Thank you for peaceful elections, youth say in Eldoret to Mombasa walk

Vijana Bila Ukabila

Vijana Bila Ukabila youths during their flag off as they start the second part of their walk from Nairobi to Mombasa.

Photo credit: Mercy Simiyu | Nation Media Group

A group of young people called Vijana Bila Ukabila have started a peaceful 820km walk from Eldoret to Mombasa in solidarity with the National Cohesion and Integration Commission (NCIC) to thank Kenyans for conducting peaceful elections.

Bearing the message of “One Kenya, one people, one country”, the youths started their walk on November 16, arriving in Nakuru on November 24.

Four days later, they arrived in Nairobi, where they were flagged off to Mombasa by a representative of the Nairobi county commissioner.

Julie Korir, the group’s secretary said they are trying to beat the ethnic odds so that Kenyans can come together and work as a country without seeing each other’s tribes.

“We want to thank Kenyans for conducting a peaceful election on August 9, and this is a thanksgiving to all the Kenyans,” Ms Korir said.

“It is not easy walking from Eldoret to here, but what is fulfilling is how Kenyans are receiving us and encouraging us to continue preaching peace in the country.”

Previous elections in Kenya were followed by political violence, with thousands of people killed and hundreds of thousands of others displaced from their homes after disputed presidential polls in 2007, for example.

Steven Omondi, chairman of the peace initiative, said long gone are the days when young people were used to cause violence, urging his peers not to be involved in violence.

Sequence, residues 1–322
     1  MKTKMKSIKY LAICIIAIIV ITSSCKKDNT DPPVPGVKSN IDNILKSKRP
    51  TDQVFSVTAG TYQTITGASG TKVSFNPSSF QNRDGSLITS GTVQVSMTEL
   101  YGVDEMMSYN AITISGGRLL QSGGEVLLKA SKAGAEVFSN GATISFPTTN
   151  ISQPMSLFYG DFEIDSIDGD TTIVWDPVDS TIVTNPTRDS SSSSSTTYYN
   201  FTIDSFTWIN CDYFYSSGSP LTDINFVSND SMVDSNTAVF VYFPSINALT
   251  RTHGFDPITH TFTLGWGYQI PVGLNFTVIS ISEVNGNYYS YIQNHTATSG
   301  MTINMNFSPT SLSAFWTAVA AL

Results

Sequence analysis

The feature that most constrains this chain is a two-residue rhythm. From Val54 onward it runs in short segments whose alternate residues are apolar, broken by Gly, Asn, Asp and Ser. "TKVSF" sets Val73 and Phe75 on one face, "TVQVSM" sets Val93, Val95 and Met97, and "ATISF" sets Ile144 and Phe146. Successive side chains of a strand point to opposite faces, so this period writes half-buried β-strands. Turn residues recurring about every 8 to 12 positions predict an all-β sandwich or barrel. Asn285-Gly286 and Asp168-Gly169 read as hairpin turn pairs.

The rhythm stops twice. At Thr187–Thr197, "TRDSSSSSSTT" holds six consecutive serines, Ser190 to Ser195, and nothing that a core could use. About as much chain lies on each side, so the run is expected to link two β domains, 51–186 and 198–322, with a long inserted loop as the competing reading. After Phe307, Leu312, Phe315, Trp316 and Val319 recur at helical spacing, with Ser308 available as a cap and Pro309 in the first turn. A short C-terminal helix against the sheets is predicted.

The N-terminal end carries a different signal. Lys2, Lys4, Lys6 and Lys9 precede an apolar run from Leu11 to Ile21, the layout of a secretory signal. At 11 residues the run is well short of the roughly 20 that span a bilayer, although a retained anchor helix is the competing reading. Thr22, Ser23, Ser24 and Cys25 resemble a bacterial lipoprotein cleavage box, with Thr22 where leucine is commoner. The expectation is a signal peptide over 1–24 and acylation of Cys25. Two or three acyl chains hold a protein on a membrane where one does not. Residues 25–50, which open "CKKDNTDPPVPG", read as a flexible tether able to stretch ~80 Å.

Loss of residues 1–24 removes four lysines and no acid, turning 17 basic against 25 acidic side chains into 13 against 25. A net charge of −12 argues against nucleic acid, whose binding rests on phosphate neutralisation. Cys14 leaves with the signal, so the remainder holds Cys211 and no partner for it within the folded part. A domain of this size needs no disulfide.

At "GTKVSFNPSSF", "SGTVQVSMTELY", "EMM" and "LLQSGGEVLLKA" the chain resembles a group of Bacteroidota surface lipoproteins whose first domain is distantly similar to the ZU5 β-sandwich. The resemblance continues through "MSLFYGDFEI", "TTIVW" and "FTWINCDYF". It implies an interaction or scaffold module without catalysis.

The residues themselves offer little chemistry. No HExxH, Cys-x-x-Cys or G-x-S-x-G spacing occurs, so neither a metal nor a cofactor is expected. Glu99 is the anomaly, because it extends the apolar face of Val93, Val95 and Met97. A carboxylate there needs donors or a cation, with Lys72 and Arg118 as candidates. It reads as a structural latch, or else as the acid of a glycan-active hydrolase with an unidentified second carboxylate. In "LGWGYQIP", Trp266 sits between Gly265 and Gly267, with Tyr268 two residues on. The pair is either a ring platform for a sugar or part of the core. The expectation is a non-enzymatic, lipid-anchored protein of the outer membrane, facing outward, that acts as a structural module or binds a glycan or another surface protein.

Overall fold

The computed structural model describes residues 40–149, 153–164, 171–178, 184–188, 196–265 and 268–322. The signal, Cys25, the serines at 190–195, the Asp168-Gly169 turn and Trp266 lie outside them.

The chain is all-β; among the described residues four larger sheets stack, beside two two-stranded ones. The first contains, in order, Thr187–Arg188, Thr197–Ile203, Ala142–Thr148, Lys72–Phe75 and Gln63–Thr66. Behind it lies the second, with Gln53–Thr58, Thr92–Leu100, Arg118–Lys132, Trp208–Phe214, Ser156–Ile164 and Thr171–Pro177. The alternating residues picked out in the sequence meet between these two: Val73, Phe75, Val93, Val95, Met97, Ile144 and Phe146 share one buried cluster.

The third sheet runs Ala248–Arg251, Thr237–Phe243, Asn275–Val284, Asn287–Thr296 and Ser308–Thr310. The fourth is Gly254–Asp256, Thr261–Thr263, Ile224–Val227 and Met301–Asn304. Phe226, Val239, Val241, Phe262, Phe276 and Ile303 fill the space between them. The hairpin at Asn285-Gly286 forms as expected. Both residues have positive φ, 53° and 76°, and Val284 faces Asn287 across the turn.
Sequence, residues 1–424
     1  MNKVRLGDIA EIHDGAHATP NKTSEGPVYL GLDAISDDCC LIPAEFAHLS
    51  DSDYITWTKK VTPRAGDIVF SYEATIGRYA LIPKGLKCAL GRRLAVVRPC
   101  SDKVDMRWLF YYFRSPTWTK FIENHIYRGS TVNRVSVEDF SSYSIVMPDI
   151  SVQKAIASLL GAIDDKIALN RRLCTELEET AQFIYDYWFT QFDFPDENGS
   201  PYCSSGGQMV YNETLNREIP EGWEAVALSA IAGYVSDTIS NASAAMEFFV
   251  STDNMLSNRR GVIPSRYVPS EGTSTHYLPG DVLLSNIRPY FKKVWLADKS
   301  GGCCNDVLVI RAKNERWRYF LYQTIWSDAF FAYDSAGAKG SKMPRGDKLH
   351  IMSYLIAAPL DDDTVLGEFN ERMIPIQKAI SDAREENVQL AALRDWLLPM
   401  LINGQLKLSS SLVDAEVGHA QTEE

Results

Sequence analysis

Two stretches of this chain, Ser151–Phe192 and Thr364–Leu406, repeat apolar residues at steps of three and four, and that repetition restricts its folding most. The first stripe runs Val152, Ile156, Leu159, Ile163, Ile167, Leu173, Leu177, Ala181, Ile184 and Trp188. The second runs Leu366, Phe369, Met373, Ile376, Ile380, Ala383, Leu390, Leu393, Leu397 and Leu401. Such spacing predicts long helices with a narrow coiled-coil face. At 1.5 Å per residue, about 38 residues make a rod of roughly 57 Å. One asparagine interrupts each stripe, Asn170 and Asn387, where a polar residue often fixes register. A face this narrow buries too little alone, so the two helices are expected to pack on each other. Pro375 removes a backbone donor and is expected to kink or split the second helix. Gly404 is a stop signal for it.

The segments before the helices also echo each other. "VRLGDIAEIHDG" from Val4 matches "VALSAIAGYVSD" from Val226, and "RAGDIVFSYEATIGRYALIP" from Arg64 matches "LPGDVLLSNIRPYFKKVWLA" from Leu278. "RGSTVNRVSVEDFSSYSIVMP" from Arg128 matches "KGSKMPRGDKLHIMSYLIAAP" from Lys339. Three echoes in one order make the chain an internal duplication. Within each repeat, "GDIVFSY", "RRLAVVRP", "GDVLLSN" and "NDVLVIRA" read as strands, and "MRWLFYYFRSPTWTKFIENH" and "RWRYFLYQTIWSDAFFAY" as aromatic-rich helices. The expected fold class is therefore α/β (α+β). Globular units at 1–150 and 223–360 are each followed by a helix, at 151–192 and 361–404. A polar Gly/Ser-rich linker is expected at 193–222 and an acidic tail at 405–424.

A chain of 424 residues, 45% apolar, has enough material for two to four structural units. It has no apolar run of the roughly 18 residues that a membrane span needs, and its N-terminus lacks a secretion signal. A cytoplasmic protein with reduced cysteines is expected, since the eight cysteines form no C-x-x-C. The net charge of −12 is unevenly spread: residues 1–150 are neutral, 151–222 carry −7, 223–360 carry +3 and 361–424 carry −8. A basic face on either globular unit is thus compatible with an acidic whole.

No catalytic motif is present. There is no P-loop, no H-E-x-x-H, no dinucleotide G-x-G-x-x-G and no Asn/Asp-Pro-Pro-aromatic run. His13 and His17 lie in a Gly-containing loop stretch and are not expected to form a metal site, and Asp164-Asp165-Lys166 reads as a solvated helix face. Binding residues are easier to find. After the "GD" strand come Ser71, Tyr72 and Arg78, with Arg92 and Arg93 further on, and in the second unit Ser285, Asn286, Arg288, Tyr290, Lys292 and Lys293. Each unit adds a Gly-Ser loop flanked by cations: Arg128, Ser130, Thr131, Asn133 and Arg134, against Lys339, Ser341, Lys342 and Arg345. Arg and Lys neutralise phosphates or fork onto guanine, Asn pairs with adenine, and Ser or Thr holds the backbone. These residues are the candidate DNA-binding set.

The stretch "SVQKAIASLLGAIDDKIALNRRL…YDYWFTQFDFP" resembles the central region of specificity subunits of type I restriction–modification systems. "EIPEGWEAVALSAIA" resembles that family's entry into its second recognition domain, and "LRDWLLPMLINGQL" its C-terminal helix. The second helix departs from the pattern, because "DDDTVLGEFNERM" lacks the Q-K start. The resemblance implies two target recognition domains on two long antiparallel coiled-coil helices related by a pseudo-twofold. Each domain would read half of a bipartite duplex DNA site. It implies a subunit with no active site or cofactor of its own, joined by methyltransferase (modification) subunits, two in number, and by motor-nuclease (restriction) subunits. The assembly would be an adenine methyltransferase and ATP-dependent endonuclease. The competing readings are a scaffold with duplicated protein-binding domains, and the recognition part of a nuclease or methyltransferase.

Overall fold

“Our main agenda was to spread peace and bring the country together, but today we want to thank Kenyans for coming together and holding peaceful elections,” Mr Omondi said.

“Last year, we came together, walked the same distance and preached peace months before the election, and we are here again to say thank you.”

The return of multiparty democracy to Kenya in 1992 led to the ethnicisation of politics, with parties coalescing around tribal power brokers and an ever-changing political landscape as inter-ethnic alliances were formed and fell apart.

This continues to characterise Kenya’s electoral landscape today. In the absence of parties based on a consistent political ideology, tribal identities and manipulation of ethnic grievances remain the primary basis of political mobilisation, with the threat of violence – and often its use – hanging over every election cycle.

The March 2018 handshake between former President Uhuru Kenyatta and his political opponent at the time, Raila Odinga, was intended to signal an end to the acrimony that followed the 2017 presidential elections.

The truce was hailed as a landmark in the Building Bridges Initiative (BBI), which sought to lay the foundations for national healing, including pledges to end historical and electoral injustices and unite Kenyans, before the courts declared the BBI illegal.


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